I've been for quite some time now, trying to create a precise full-wave rectification of a signal coming from a CT sensor SCT-013-030.

Here's the circuit:


simulate this circuit – Schematic created using CircuitLab

Now, actually the 7805 voltage regulator is also providing regulated power supply to the remaining of the circuit, which is basically a XBee that's activating a given relay. If you feel it's required I'll update the post.

I first started by doing only a half-wave rectification. So I hadn't even the second op-amp in place, and the following was being displayed in the scope:

Yellow waveform is Vin, Blue waveform is V1

Basically the yellow waveform is Vin, blue waveform is V1. I must say that, considering the resistors (the same 10K at 1%), I can't actually understand that voltage boost.

When I try to apply the Full-wave rectification I get this:

precise Full-wave rectification

Here's a zoomed screenshot of the last scope image:

Full-wave Zoomed

I would probably say that I must first understand why am I getting such a boosted voltage on the output, while doing only a half-wave rectification.

The input signal is around 50hz. Another thing is that the bridge rectifier is actually a 4 diodes set up.

So, after compiling all the great comments and answers I tried to implement all the suggestions. And I must say that I'm rather confused.

Here's the current circuit. Note that I left out the AC/DC conversion to simplify:


simulate this circuit

As a first approach I decided to do the full rectification, but without the dual power supply. For visibility purposes I've increased the power being used on the power cord being measured:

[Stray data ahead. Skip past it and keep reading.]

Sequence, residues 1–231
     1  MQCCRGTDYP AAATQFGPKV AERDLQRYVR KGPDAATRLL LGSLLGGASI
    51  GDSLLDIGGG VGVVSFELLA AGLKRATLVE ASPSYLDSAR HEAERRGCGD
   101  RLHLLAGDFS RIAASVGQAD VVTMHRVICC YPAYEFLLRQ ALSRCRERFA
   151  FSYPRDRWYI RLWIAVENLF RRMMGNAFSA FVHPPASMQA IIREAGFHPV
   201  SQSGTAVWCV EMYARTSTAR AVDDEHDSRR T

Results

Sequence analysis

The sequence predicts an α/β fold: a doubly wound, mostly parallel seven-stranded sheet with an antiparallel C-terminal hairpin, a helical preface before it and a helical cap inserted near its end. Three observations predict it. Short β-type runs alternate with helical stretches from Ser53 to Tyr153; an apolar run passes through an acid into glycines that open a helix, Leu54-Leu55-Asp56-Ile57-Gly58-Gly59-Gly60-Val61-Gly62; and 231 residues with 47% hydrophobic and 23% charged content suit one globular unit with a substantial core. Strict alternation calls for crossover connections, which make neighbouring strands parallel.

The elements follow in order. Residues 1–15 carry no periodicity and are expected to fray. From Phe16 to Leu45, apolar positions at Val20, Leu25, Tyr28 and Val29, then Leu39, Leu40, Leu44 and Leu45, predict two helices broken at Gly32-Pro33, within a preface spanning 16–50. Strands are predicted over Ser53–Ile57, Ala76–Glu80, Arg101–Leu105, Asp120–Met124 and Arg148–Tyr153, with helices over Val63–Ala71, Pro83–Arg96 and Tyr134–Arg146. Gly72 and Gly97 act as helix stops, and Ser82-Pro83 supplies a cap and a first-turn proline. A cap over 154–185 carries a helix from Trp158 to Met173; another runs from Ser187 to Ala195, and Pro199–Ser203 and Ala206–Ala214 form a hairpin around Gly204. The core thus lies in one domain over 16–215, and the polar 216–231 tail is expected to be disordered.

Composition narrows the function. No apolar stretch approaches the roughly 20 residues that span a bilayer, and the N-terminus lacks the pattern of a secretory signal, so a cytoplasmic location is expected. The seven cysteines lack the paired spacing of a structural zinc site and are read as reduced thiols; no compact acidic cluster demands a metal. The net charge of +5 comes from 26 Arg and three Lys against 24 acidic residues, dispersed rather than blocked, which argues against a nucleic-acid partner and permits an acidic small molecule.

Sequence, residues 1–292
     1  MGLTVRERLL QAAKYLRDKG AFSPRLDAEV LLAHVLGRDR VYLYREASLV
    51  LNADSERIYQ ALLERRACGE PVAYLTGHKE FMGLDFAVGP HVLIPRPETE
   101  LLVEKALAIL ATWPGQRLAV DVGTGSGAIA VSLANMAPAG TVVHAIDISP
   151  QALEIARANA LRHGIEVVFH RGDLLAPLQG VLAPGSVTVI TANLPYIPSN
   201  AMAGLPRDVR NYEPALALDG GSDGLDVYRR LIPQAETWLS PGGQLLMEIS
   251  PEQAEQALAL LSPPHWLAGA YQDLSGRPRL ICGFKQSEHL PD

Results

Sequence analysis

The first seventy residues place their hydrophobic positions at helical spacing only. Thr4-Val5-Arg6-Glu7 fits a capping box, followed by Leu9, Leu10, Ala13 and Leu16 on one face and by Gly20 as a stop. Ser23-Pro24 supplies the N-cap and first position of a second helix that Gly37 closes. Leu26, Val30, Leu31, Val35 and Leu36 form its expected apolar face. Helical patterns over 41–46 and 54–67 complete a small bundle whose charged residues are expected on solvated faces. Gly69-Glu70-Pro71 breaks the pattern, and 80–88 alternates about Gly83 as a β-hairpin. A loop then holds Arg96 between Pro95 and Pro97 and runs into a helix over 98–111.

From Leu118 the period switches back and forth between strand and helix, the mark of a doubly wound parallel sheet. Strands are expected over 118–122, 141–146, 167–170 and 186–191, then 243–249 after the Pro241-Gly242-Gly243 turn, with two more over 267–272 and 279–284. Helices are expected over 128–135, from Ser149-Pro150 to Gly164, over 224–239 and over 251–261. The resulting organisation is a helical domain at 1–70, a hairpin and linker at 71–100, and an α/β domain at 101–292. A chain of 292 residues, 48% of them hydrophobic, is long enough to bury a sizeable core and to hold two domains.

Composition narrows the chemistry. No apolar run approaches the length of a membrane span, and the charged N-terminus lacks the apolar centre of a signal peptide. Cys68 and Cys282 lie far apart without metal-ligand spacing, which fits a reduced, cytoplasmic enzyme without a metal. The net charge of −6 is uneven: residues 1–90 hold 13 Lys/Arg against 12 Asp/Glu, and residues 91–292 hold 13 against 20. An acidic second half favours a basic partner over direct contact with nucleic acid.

SIngle power supply

Afterward I've implemented the dual power supply making use of a inverting regulator ICL7660CPAZ, I got the following:

dual power supply

And last by not least I've disconnected whatever was attached to the power cord, and got this funky wave form:

At lower power

I'm completely lost here...

So, I have to conclude that the problem is with my implementation of the precise full-wave rectifier. Even if the schematics that I'm presenting here, make sense, I'm problably not implementing it correctly.

So, bare it with me... but I feel compelled to post my breadboard image, because sincerely I'm out of ideas... the next step is to buy a different op-amp...

enter image description here

Let me know if you can see anything terribly wrong... needless to say that I've rebuilt the same circuit 3 different times...

  • \$\begingroup\$ A couple things catch my attention. First, are your op amp voltage rails connected properly? Typically, the + rail is on the same side of the symbol as the + input, which isn't how yours appears to be. Second, do you have both positive and negative rails on your op amps, or just + and common? You don't show a negative rail. I'm reasonably confident your circuit won't work without a negative rail, though your waveform doesn't look like I'd expect if that was the problem... \$\endgroup\$ Commented Oct 2, 2013 at 1:00
  • \$\begingroup\$ Just + and common... I'll do some modifications and post the results later on... \$\endgroup\$
    – cvicente
    Commented Oct 2, 2013 at 13:36